Data operations are like tuned automobiles. When all the parts operate together, the result is a stunning blend of speed and performance. If one of the numerous components fails, you are unconsciously invoking an accident. Data Observability is a pillar of the growing Data Reliability category and the next frontier of data engineering, solving complex problems in the modern era. 

Businesses can’t afford for data to fail since so much relies on them. Data operations teams are actively managing data to guarantee optimum performance. Predicting, avoiding, and resolving data problems demands a new methodology. To stay up with data’s rapid rate of innovation, data engineers must invest in advanced modeling and analytics tools and solutions that improve data accuracy and minimize pipeline breakdowns.

No other solution can deliver multi-dimensional Data Observability across all levels of a contemporary data environment. These systems help make data layers more visible. Achieve SLAs and make better data-driven choices using these tools. Unlike APM solutions, which typically monitor the application layer, observability platforms may also monitor the data and infrastructure levels.

10 reasons why organizations should invest in Data Observability:

Observability enhances data pipeline management, improves SLAs, and provides data teams with insights that may be leveraged to make better data-driven business choices.

With a top-end Data Observability platform, you can do the following:

Data Observability was created especially for today’s complex data systems, unlike conventional application performance monitoring (APM) technologies, which were meant to monitor microservices and web apps. The visibility required to build, run, and optimize today’s complex, linked data pipelines is not provided by APM solutions.

Data Observability links events across the data, compute, and pipeline layers to assist data engineering and operations teams in predicting and automatically correcting errors before they create unexpected outages, cost overruns, or poor output.

Observability focuses on the visibility, management, and optimization of current data pipelines established across hybrid data lakes and warehouses, employing various data technologies giving a 360-degree view into data processing and pipelines. It provides tools to evaluate a variety of performance parameters to alert you to issues that may be predicted, prevented, or fixed.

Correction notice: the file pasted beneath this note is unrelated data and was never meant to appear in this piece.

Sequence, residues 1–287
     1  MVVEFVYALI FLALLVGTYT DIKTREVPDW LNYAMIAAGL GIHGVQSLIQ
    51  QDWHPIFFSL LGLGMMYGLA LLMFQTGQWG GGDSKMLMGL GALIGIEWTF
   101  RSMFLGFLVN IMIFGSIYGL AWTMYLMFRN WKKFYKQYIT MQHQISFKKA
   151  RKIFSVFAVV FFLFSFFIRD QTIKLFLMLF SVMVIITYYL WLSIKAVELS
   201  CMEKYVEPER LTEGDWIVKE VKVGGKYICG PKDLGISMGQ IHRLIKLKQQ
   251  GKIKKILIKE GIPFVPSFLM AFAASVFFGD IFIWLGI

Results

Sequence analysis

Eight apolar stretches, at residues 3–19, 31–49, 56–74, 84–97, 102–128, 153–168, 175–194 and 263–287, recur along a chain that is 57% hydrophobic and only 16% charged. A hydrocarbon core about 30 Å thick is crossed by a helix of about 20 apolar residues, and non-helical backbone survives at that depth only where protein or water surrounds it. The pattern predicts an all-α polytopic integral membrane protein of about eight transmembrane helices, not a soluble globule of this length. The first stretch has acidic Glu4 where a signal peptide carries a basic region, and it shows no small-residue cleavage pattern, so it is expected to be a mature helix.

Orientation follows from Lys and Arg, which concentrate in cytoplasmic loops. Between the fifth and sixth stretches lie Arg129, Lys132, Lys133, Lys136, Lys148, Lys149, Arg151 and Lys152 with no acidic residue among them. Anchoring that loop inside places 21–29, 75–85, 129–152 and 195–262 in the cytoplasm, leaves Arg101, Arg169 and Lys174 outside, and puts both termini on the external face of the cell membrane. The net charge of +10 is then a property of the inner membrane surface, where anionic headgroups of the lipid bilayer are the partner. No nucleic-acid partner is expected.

Capabilities and prices are aligned with business needs thanks to observability. It helps organizations manage capacity, improve data processing and dependability, and boost data engineering productivity to new heights.

DataOps teams will have better control over data pipelines thanks to improved data layer observability. ITOps teams have better control over infrastructure resources because of improved infrastructure layer observability.

ITOps teams can track important infrastructure layer indicators like memory availability, CPU storage usage, and cluster-node health at a granular level that APMs can’t, allowing them to diagnose and fix data congestion and outages quicker than any other solution.

By automatically evaluating data transfers for correctness, completeness, and consistency, DataOps teams can assure high-quality data standards. As a consequence of these quality checks, data pipelines are healthier.

Data engineers may use these discoveries to anticipate, measure, prevent, troubleshoot, and solve issues by automatically collecting thousands of pipeline events, correlating them, identifying abnormalities or spikes, and using these findings to predict, measure, prevent, troubleshoot, and fix problems.

Business executives may collaborate with BI analysts to develop more accurate capacity estimations and informed SLAs that fit the demands of the company’s goals.

Data teams will spend less time battling fires once observability is achieved. More workers could be data consumers, understanding where and how to get data to help them do their jobs better. Finally, supervisors will be able to quit second-guessing data analyses.

Overall, observability assists data teams in preventing, identifying, and correcting root causes before they arise, which is vital since mission-critical corporate systems cannot afford downtime.

What does the future look like?

It’s not easy to implement Data Observability. However, like DevOps in the early 2010s, it will become more important in this next decade. Within the next 5-10 years, we expect all data engineering teams to include observability into their strategy and technology stack. As healthy data is trusted and put to good use, more firms will earn the data-driven name, powering technology and decision-making alike. Ready to start your Data Observability journey with